Guess what? There’s a scientific reason you do that. It’s not just your imagination. And the good news is that IV ketamine treatment actually changes something deep in your brain to help you interpret their facial expression for what it’s intended to be.
To understand this, we need to talk about the a wonderful structure in the brain called the amygdala.
Ketamine Restoration in the Amygdala
The amygdala consists of 2 almond shaped structures deep in the sides of the brain at the temporal lobe. It’s one part of the limbic system which processes emotion, records emotional memories, influences behavior, motivation, and the sense of smell, as well.
One key job the amygdala performs is helping you to look at facial expressions in others and determine their emotion. For instance, if you see someone frowning, with their face tense and lips tight, do you assume they’re happy? Of course not. It’s your amygdala that sees their expression and determines they may be angry.
Well, when someone is suffering from a disorder like severe depression or bipolar depression, their amygdala may be malfunctioning.
Study Explores Ketamine’s Effect on Amygdala Function
So recently, a team of researchers led by Joana R.A. Loureiro in Los Angeles and Chicago set out to study what effect two rapid acting depression treatments have on the amygdala’s ability to accurately process facial expressions. Using functional MRIs (fMRI) they tested 44 adults who were all experiencing an episode of severe depression.
They divided the group into two parts: 17 subjects were given an individualized number of treatments of ECT and 27 were given IV ketamine infusions 2 or 3 times a week until they had received 4 infusions.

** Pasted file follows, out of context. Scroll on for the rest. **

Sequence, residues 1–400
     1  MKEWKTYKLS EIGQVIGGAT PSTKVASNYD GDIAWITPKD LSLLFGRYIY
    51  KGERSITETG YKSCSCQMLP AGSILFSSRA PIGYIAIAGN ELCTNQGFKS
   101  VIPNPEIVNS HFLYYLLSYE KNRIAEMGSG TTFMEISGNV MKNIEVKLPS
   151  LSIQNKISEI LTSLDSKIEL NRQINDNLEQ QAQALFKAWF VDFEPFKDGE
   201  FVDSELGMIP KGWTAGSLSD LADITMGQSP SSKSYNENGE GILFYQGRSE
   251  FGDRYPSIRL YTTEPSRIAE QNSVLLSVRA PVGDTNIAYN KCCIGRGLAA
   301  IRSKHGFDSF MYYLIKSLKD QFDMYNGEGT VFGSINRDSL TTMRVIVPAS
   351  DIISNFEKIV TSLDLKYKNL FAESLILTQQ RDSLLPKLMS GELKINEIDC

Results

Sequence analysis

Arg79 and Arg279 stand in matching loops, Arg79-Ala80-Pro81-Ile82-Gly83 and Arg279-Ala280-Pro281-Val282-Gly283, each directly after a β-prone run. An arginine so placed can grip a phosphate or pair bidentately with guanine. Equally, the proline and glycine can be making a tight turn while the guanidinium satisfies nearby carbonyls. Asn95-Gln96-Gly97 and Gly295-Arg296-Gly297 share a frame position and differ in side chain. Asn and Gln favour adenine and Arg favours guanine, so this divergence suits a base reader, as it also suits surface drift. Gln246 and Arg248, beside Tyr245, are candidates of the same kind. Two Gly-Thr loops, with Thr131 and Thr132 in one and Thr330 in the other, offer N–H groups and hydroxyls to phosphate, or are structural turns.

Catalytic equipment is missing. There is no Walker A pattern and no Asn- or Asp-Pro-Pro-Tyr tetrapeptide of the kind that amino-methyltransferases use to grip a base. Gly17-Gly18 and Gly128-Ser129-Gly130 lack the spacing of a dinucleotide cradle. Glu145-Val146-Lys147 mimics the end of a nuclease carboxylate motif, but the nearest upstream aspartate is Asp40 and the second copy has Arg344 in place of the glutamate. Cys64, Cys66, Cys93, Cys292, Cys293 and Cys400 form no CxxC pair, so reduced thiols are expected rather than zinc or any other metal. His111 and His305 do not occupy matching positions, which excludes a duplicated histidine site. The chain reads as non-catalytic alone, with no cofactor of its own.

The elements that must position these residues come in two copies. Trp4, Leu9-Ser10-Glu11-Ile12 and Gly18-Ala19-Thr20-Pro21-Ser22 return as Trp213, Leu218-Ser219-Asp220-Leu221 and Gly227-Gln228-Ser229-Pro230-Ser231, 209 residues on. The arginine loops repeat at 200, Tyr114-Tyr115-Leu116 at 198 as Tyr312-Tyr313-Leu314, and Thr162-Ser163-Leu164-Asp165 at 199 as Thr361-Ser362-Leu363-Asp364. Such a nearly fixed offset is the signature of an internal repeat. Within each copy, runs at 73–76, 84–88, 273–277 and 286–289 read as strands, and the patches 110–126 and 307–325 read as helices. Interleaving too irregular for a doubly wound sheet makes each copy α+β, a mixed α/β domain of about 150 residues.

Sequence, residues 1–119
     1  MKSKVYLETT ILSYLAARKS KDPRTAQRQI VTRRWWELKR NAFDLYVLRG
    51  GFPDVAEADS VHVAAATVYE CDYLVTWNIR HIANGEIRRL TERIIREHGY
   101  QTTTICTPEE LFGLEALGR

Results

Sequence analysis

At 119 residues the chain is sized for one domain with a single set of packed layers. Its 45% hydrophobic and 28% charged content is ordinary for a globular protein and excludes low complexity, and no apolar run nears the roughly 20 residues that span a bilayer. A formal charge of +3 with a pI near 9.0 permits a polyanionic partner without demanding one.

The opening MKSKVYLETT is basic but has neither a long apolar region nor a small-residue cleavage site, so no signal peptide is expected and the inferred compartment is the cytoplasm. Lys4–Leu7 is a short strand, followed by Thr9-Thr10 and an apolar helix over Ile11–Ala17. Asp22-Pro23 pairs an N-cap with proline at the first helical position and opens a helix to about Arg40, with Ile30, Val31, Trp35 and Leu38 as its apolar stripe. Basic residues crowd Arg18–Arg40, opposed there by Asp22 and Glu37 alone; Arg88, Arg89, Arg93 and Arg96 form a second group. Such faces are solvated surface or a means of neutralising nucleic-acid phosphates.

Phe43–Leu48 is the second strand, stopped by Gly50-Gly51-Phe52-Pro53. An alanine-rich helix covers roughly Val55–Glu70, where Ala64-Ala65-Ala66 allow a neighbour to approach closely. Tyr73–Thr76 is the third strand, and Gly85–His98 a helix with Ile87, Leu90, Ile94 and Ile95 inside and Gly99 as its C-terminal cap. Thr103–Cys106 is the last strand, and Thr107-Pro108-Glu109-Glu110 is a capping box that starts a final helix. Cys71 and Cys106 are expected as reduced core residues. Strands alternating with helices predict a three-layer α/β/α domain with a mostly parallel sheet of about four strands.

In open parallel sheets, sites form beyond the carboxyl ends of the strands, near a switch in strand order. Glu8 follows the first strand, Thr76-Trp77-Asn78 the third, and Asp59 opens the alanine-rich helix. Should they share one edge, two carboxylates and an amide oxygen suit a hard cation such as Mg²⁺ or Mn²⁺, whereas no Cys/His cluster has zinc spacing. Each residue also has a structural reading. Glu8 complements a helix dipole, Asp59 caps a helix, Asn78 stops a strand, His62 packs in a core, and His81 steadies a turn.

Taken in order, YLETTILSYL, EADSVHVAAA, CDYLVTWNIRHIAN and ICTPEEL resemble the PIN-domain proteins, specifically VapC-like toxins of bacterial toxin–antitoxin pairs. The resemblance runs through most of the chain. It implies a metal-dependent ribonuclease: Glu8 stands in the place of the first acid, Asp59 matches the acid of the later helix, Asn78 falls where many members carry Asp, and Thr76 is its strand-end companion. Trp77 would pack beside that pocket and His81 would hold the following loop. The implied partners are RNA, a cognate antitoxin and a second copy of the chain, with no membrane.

This was an interesting approach because both forms of treatment affect brain function and emotional processing, so they wanted to see if it worked at the level of the brain cells.
Since interpreting the facial expressions of others is such an important part of social functioning, they focused on the subjects’ ability to accurately do that. The subjects were tested by the task of matching emotional faces on a screen. If the face at the top of the screen was smiling, they needed to match the face at the bottom of the screen that was also smiling.
They found that both modes of treatment improved the accuracy of the subjects’ amygdala function.
When Depression Impairs – Ketamine Repairs
Now, about the type of scenario that Nicholas and his mom experienced. At the moment he walked in the door he believed he saw criticism and judgment in her facial expression, when her look was actually surprise and concern.
When someone is severely depressed, it’s as though they have an affinity for negative feelings and beliefs. So, when they see a facial expression that appears negative to them, it goes to the bone. They feel it so deeply and lightening fast.
It’s easy to see that this type of misinterpretation and reaction only further damages relationships that are already fragile when someone is severely depressed.
And even though both ECT and ketamine improved the amygdala’s function, ECT is a treatment that carries some bias and even stigma for its side effects and history.
And there’s another life-changing benefit ketamine can provide:
This in-depth study shows yet another way that depression impairs your function, and how ketamine treatment can restore it better than ever.
Reach Out for Ketamine Restoration in the Amygdala – And Get Your Joy Back
At Innovative Psychiatry, want to help you feel a lot better than just “less depressed.” We want you to experience joy, a song in your heart, hope for the future, and energized motivation to build the life you want, with healthy and strong relationships.
It’s almost like using a car jack to crank up your life and replace the pain and loss with new ideas, new projects, new joy in relationships.
If you can relate to Nick, and you want to feel joyful and able to care about others as you put your best foot forward, call us.
We want to work with you and your healthcare team to help you experience extraordinary relief.
Reach out now for hope.
To the restoration of your very best self,
Lori Calabrese, M.D.